A New Gig for the ‘Ask a Mexican’ Columnist
Posted January 8, 2018 11:16 a.m. EST
For more than a decade, Gustavo Arellano used his perch at OC Weekly to write about the stereotypes and the realities of Mexican-Americans in Southern California — his “Ask a Mexican” columns were collected into a book and turned into a play. Late last year, he stepped down as editor-in-chief of OC Weekly, saying he chose to resign rather than follow a request by the publication’s owners to lay off most of his staff.
And it didn’t take long for Arellano to find his next gig: Last week he started as a weekly columnist for the opinion section of The Los Angeles Times.
But when he announced days later that he had also signed on as an editor of Remezcla, a Latino culture website catering to millennials, there was nearly instant protest with claims that he had in the past used racist and homophobic language. With the hashtag #boycottgustavo, the Twitterverse successfully lobbied Remezcla to sever ties with him.
We caught up with Arellano by phone to talk about what he’s learned, what he’s planning to do and what he thinks of California now. Here’s some of our conversation, which has been edited and condensed:
Q: In your first column for The Times, you write disparagingly about any suggestion that California is past its prime. What gives you so much optimism? (And why a dig at The New York Times?)
A: Far too often the coverage in national publications is very much an East Coast view of California, with the same tired tropes. It reads coy and tongue-in-cheek. People think of California being filled with crazy hippies still. Even the idea that the middle class is fleeing and desperate, it’s just not paying attention to what is going on on the ground. California has always had a working class that has fought to stay here.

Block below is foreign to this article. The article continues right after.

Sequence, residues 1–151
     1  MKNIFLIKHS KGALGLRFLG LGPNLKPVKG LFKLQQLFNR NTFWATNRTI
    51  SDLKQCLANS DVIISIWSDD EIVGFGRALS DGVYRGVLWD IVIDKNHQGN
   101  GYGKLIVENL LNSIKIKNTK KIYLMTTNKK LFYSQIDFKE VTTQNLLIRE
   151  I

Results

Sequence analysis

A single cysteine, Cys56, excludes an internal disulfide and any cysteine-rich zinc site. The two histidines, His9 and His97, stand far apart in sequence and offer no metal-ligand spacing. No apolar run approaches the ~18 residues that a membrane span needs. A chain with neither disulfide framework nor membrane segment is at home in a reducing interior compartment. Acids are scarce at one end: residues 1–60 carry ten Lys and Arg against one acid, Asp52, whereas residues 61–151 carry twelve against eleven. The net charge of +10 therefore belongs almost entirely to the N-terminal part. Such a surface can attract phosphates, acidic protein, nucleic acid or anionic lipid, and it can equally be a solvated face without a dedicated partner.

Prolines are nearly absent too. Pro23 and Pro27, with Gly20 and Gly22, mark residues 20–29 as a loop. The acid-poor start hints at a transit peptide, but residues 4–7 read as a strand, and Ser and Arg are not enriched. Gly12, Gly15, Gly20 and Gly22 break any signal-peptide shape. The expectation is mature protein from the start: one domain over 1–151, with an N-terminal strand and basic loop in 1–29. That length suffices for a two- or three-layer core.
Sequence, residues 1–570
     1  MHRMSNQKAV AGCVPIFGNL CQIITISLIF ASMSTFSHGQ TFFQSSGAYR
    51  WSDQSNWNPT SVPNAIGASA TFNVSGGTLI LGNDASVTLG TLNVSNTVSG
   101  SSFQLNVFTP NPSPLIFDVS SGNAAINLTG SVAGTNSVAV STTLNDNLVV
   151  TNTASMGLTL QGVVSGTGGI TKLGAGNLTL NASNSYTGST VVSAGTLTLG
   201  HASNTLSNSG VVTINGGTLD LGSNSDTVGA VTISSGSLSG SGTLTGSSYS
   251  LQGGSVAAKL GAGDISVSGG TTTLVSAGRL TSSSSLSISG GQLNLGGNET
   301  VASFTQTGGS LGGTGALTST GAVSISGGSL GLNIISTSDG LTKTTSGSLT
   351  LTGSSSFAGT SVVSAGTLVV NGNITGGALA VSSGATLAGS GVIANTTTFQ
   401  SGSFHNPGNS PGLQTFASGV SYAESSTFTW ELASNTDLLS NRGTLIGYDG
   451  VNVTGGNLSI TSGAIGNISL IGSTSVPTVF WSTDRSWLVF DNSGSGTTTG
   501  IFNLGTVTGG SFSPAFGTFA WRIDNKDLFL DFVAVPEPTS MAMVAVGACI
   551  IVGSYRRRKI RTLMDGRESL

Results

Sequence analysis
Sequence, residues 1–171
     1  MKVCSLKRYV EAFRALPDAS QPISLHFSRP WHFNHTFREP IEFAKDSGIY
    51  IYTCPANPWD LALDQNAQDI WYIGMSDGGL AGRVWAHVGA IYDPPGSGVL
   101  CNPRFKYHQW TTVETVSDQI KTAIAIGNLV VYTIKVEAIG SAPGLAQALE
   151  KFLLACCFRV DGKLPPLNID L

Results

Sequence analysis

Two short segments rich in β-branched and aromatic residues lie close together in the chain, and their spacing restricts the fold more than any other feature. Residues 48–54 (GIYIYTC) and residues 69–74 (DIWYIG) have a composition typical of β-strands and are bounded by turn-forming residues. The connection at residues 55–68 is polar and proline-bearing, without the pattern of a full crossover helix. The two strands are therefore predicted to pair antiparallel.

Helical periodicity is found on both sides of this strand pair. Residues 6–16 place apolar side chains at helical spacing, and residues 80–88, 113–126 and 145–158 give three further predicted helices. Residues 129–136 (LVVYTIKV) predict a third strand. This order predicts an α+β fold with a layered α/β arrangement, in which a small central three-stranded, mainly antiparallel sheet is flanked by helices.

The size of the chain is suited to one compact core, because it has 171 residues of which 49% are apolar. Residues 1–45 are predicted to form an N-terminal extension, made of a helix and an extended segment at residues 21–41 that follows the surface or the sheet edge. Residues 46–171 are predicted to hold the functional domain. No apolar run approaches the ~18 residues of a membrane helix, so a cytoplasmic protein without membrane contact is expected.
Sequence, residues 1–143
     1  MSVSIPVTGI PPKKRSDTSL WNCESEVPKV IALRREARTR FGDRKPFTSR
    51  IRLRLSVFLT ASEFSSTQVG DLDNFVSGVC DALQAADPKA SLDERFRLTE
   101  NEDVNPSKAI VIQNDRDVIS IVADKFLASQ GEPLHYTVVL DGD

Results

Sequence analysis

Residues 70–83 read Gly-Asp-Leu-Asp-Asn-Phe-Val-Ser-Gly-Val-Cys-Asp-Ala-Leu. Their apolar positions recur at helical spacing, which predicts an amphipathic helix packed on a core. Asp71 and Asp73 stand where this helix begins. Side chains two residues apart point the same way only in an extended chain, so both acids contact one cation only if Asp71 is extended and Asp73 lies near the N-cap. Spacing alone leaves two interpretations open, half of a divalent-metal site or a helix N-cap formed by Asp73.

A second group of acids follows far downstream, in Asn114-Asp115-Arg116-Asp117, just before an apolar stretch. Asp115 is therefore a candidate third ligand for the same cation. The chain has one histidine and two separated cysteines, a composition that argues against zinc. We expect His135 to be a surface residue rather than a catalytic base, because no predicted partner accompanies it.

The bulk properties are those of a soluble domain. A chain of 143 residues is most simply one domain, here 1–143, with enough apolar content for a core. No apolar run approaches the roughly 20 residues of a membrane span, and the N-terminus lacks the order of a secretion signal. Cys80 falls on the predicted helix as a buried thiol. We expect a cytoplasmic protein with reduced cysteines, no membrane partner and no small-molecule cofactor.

Q: You’ve spent a lot of your career focusing on and writing about Latino issues. Are you going to continue to do so?
A: Latinos are a huge part of California, so of course I am going to write about them. But it will not be the only thing. “Ask a Mexican” is over. I don’t like replicating myself. My beat is going to be California. I like challenges and feel like, “Let’s see if I can pull this off.” If I can’t, at least I tried.
Q: Were you surprised about the backlash, with people calling you racist and homophobic?
A: No, there have been people who have been targeting me for a while. There’s always going to be people who don’t like what you write. If you don’t have haters you are not doing your job correctly. The people accusing me of being racist, they don’t take my career in perspective. We covered these communities better than anyone else in Orange County. What seems to be the issue right now, is that in this country if you don’t have the same thoughts as other people you are immediately marked as the enemy. I’ve always been about throwing stories out there, and I’ll defend them.